Aquarium Care

Useful articles, news, information, product reviews about aquarium care

Posts Tagged ‘Nitrites’

Why Aquarium Water Testing is Important

One important thing that a person setting up an aquarium must not overlook is aquarium water testing. When you have arranged the decor in your aquarium and put water in, do not immediately add the fish but instead, let the water stand for several days to let the water settle. Beneficial bacteria in a product like EcoBio-Block will help you to speed up the nitrogen cycle. You can monitor this cycle daily with water quality tests, and add the fish a few at a time. At the start of the cycle, you will see a spike in the ammonia level. This will be followed by a nitrite spike when the beneficial bacteria convert the ammonia into nitrites.

Once you have fish living in your aquarium, test the water daily for the first few weeks as the water adjusts to having fish living in it. After this initial period, test the aquarium water weekly. Although most aquarium supply stores will test it for you, it is much easier to purchase a water test kit and do it yourself at home.

You will be presented at the aquarium supply store with a wide variety of testing kits to choose from. There are basic kits with strips that test important water quality indicators like pH, nitrate, water hardness, ammonia, nitrites and others. The strips change color to indicate the quality of the water.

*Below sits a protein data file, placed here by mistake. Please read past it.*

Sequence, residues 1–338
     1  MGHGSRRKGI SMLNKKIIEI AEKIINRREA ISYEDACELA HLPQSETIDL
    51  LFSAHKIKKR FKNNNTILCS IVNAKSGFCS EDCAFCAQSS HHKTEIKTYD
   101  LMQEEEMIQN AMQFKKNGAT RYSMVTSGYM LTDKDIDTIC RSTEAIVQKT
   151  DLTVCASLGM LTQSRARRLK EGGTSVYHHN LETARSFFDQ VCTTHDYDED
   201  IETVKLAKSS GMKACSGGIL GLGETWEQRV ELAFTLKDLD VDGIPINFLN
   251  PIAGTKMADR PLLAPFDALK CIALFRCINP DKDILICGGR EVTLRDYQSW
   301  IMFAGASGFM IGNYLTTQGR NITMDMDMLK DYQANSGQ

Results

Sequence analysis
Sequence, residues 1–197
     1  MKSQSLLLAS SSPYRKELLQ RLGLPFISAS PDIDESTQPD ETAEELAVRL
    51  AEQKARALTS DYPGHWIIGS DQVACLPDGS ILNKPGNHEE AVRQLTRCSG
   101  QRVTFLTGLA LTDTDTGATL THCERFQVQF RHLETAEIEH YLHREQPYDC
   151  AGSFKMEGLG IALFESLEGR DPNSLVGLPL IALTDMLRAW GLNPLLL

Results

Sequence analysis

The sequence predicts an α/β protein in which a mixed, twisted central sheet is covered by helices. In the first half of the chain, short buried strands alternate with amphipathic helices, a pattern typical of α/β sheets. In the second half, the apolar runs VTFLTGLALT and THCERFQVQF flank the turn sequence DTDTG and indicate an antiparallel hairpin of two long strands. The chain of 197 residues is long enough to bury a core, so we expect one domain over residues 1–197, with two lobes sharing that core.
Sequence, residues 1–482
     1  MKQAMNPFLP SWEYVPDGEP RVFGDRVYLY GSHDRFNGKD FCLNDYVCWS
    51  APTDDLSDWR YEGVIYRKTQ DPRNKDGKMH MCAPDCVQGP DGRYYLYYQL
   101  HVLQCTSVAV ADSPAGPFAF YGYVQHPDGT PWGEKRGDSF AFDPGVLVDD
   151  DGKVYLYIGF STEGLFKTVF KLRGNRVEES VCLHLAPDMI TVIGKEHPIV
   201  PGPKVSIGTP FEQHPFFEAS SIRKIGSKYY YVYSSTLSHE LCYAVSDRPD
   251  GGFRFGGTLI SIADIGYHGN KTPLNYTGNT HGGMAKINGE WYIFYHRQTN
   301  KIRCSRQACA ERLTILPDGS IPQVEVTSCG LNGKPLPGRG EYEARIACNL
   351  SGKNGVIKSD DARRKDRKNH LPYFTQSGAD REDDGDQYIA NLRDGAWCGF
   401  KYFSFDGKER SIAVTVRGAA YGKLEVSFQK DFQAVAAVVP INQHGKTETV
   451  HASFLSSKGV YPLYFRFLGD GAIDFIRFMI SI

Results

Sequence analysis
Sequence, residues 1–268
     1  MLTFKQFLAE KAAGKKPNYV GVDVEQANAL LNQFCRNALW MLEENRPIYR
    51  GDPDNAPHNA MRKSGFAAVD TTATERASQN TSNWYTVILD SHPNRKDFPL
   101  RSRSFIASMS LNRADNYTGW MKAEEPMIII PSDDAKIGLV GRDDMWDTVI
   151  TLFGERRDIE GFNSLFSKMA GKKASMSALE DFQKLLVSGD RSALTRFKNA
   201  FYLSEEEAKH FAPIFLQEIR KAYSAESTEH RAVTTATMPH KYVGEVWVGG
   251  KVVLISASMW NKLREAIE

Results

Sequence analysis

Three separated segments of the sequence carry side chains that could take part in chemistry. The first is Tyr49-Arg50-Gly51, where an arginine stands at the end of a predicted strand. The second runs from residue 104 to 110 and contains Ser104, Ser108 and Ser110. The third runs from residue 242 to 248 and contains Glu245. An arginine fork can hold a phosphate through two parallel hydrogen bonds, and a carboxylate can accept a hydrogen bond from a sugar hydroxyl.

The basic kits are convenient, but have some drawbacks. They are cheaper but are not very reliable. You can go instead with more complex testing, which involves a test tube. Add also a thermometer to your testing supplies so you can test the water temperature.

The health of your fish depends largely on the quality of the aquarium water. That is why it is essential that you do regular aquarium water testing. You need to add whatever is necessary in order to bring your water level to healthy levels for your fish.

Healthy pH level is around 6 or 7 for most fish, but they will generally tolerate a fairly wide range of pH. Any decor, food or medication added can change the pH level in your aquarium. You can increase or reduce the pH to healthier levels by adding some chemicals. A natural, but much slower approach will be to add driftwood or peat for more acidic water or a lime rock if you want more alkaline.

High ammonia levels are toxic to fish. Nitrite levels too, must be kept as close to zero as possible. What will reduce both will be partial changes of water. An easier way is to add beneficial bacteria. Nitrites will be converted to the less harmful nitrates by the beneficial bacteria.